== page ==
It Ain't Easy Bein' Greens

Photography by: David Prince
It Ain't Easy Bein' Greens

Spinach is the Tom Hanks of the vegetable world--a popular, likable performer that routinely takes top honors. There's its all-star iron content, healthy level of fiber, and whopping amount of beta carotene (11,318 mcg per 1-cup serving).
Bonus points: Among fruits and vegetables, spinach contains the highest levels of quercetin, a cholesterol-foiling antioxidant. But lutein is this crisp, juicy green's secret weapon. Researchers at Heinrich Heine University in Germany found that lutein helps filter blue light (which can damage ocular tissues) and fortifies retinal cells. "And there's some research showing that lutein may block communication signals to cancer cells," Grotto says. According to preliminary studies from the Jean Mayer USDA Human Nutrition Research Center on Aging at Tufts University, lutein also shows promise in preventing heart disease and stroke.

Romaine Lettuce
Romaine lettuce is sometimes called Cos in honor of its birthplace, the Greek island that also produced Hippocrates, the father of Western medicine. Of course, romaine by another name would still be more nutritious than nearly any other common salad green. Compared to iceberg lettuce, for example, romaine has three times more folate, five times more vitamin C, and nearly eight times more beta carotene. A recent study in the American Journal of Epidemiology found that women with high blood levels of total carotenoids, including beta carotene, were 25 percent to 35 percent less likely to develop breast cancer than women with low levels.
Bonus points: 1,087 mcg of eye- and artery-protecting lutein per 1-cup serving.

Savoy Cabbage
With its crinkled yellowish-green leaves, savoy cabbage is sweeter than its cousins thanks to its slightly higher sugar content. Per 1-cup serving, it contains a generous helping of folate (67 mcg) and nearly double the amount of fiber (4 grams) found in other types of cabbage.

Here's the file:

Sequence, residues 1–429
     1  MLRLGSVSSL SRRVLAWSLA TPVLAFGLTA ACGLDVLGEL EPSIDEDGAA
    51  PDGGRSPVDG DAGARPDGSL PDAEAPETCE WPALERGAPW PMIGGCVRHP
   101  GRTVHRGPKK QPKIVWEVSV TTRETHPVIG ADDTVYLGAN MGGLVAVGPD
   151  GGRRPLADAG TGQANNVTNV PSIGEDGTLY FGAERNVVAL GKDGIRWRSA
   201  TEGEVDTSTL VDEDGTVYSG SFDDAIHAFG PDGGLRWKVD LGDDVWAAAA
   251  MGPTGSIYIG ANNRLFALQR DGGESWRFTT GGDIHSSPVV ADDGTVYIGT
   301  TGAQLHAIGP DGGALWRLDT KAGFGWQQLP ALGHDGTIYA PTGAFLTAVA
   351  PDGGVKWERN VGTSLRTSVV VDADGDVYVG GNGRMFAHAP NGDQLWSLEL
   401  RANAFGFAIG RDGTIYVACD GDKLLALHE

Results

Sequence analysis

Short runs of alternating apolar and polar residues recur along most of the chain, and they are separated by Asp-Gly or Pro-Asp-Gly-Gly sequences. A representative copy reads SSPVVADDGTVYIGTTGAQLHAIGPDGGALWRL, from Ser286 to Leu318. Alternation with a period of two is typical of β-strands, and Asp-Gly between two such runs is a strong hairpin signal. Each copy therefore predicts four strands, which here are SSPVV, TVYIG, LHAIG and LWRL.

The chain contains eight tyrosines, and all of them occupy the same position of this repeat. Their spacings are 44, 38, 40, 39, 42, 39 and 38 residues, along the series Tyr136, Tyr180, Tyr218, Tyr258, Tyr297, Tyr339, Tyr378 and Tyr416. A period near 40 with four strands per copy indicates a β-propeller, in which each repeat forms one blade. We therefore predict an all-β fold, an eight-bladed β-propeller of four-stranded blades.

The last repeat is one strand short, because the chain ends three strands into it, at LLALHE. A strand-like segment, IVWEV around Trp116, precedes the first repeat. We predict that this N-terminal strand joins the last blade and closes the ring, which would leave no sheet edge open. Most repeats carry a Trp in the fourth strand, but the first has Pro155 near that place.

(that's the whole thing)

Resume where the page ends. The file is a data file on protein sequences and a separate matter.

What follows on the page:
Bonus points: The same sulfurous compounds that give cabbages their distinctive smell have been shown in numerous studies to foil the replication of cancer cells. In one recent investigation at New York Medical College, indole-3-carbinol inhibited the metastasis of prostate cancer cells. And a recent Danish study found that a side set of I3C called N-methoxyindole-3-carbinol did the same for colon cancer cells.

Suprise! Pale endive defies the rule that the darker the green, the more nutrients it contains. These spear-shaped leaves offer 650 mcg of beta carotene per 1-cup serving, along with 2 grams of fiber--double the amount found in most lettuces. But endive shines brightest in folate content: 71 mcg, or nearly one-fourth the recommended daily supply. In addition to reducing the risk of birth defects, folate may be crucial to mental health. Researchers at Tufts University found that patients with clinical depression had below-normal blood levels of folate (though whether the deficiency causes the depression or vice versa is yet to be determined). Also, a study at Harvard University found that depression lifted more efficiently in people who maintained high blood levels of folate while taking selective serotonin reuptake inhibitors such as Prozac or Paxil.